DVD Review - I Don't Know How She Does It

I love Sarah Jessica Parker in Sex and the City. It will be her defining role. She has done a couple of films, which have broken her away from that HBO character. Her character here of Kate didn't do that. Kate reminded me of her persona in Sex and the City but only married with two kids.

The exterior of Kate's home even gave me flashbacks to the home in Sex and the City. It wasn't until half-way through the film when somebody said something that I realized Kate's city was Boston and not New York, which was the setting for Sex and the City. Director Douglas McGrath (Emma and Infamous) didn't seem to distinguish his film's location unless I'm just too unfamiliar with Boston's landscape.

Parker narrates the story here much in the way she did every episode of Sex and the City. It was comforting as a fan of the show but frustrating because this movie is not that show. Written by Aline Brash McKenna, based on a novel by Allison Pearson, it's a wonder if both weren't inspired by Sex and the City when crafting this tale.

The nuts and bolts of which are that Kate is a working mom. Her husband, Richard, played by Greg Kinnear, also works, but his job isn't as demanding. Kate is a financial advisor who works for people that are rich and powerful like investment bankers. She works with Jack, played by Pierce Brosnan, who is helping her to land a big client.

The problem is that her financial work is too demanding, so demanding that she barely has time to spend with her husband and children. Her slight ambition and competitiveness contributes to the problem, but the movie proceeds to show Kate trying to balance or juggle her work life and her home life with the scale leaning more toward her work life. Yet, at almost every turn, the movie punishes her for it.

It's all played in a tone mirroring Sex and the City but it incorporates tactics displayed in TV series like Parks & Recreation. This film isn't done mockumentary-style, but several of the immediate supporting characters do talk directly to the camera like they're giving an interview or a testimonial. The writing and direction of it though never rise to anything as funny as in those TV series. While the movie allows for these testimonials, it never allows for the characters giving the testimonials any more background or depth. One such character is named Momo and Momo is played by Olivia Munn. Momo is mother-phobic. Yet, she gets pregnant and has a baby, literally out of nowhere. She's such a caricature that we get nothing more to help us understand who she is, where she comes from or how what Kate does affects her.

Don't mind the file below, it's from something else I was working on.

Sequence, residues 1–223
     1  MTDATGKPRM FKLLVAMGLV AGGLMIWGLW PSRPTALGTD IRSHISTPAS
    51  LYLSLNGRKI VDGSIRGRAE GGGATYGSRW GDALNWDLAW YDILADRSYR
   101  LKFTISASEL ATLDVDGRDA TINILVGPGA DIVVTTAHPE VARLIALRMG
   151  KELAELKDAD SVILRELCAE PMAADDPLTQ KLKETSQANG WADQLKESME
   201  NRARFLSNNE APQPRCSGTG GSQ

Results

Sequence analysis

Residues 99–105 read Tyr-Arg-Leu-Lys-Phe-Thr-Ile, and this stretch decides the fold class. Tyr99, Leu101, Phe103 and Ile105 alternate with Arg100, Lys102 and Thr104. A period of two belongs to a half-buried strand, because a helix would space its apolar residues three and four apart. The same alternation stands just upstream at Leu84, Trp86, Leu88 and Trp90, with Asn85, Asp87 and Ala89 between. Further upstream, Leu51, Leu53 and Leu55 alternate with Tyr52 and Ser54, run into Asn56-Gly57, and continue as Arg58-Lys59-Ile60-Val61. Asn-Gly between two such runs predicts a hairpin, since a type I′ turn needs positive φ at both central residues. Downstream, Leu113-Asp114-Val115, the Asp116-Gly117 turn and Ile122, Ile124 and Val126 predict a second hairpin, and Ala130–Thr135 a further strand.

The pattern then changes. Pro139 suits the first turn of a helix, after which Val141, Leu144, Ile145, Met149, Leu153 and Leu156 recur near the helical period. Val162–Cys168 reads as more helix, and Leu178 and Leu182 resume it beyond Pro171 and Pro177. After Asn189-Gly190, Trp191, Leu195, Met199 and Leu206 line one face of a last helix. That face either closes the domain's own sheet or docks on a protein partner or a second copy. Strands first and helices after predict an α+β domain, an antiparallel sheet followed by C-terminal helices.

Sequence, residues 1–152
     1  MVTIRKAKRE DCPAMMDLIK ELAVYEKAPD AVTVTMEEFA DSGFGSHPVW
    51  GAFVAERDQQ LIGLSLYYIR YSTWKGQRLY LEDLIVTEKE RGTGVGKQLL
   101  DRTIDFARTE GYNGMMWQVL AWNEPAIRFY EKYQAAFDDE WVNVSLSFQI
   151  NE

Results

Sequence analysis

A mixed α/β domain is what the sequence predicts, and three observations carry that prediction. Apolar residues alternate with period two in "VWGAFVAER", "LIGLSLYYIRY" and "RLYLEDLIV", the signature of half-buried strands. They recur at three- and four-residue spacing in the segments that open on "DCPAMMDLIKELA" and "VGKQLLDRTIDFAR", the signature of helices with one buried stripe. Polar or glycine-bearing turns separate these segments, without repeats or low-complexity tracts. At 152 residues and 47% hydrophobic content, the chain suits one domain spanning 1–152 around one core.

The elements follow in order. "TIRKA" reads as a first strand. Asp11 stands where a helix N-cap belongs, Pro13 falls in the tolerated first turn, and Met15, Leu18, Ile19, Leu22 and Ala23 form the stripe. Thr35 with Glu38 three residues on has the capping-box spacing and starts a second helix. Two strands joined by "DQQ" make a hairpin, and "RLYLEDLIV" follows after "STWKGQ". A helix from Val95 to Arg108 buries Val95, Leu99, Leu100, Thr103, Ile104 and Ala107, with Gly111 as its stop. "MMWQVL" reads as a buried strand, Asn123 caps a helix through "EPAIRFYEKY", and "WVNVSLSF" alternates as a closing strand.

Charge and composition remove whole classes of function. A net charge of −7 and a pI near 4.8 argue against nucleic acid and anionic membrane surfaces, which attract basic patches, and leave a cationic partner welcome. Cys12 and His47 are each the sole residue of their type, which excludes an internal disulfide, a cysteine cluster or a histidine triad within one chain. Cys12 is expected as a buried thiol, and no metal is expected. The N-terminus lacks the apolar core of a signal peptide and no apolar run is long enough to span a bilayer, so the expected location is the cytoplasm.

It's unclear to me if the message of the movie is if Kate has to choose between work and home life. The movie posits that perhaps Kate doesn't have to choose because if her work life becomes too demanding, she can quit and find a job that will give her concessions. In the wake of the recent bad economy and high unemployment, this idea isn't too applicable or practical for many women.

Sadly, this material has already been mined to better effect in Desperate Housewives, making Kate's dilemma rather unconvincing. The movie also points out the double standard of men and women in the work force. The double standard is that women are seen as weaker if they cut back or even cut out of work to be with their children and family, while men are looked at favorably for doing that.

The movie fails to point out though the double standard that also exists at home. Kate's husband, Richard, argues that she's not present. Clearly, he's less present or else he'd notice how hard she's trying. Most often, it's men whose work keeps them from home and the criticism most often isn't nearly as harsh, especially since we see Kate running around and driving herself crazy attempting to be a good mother.

We don't nearly get enough of the effect on Kate's children as we would need to really judge. There's also a moment where Kate has to give a PowerPoint presentation. She devotes a large chunk of this movie preparing for it. We follow her into the board room. She starts the presentation. Something crazy happens and the filmmakers don't show us what happens next. It merely cuts to it being over. We get all this build up and no pay off. This is an example of how the movie consistently stops short of showing us enough.

Two Stars out of Five.
Rated PG-13 for sexual references.
Running Time: 1 hr. and 30 mins.


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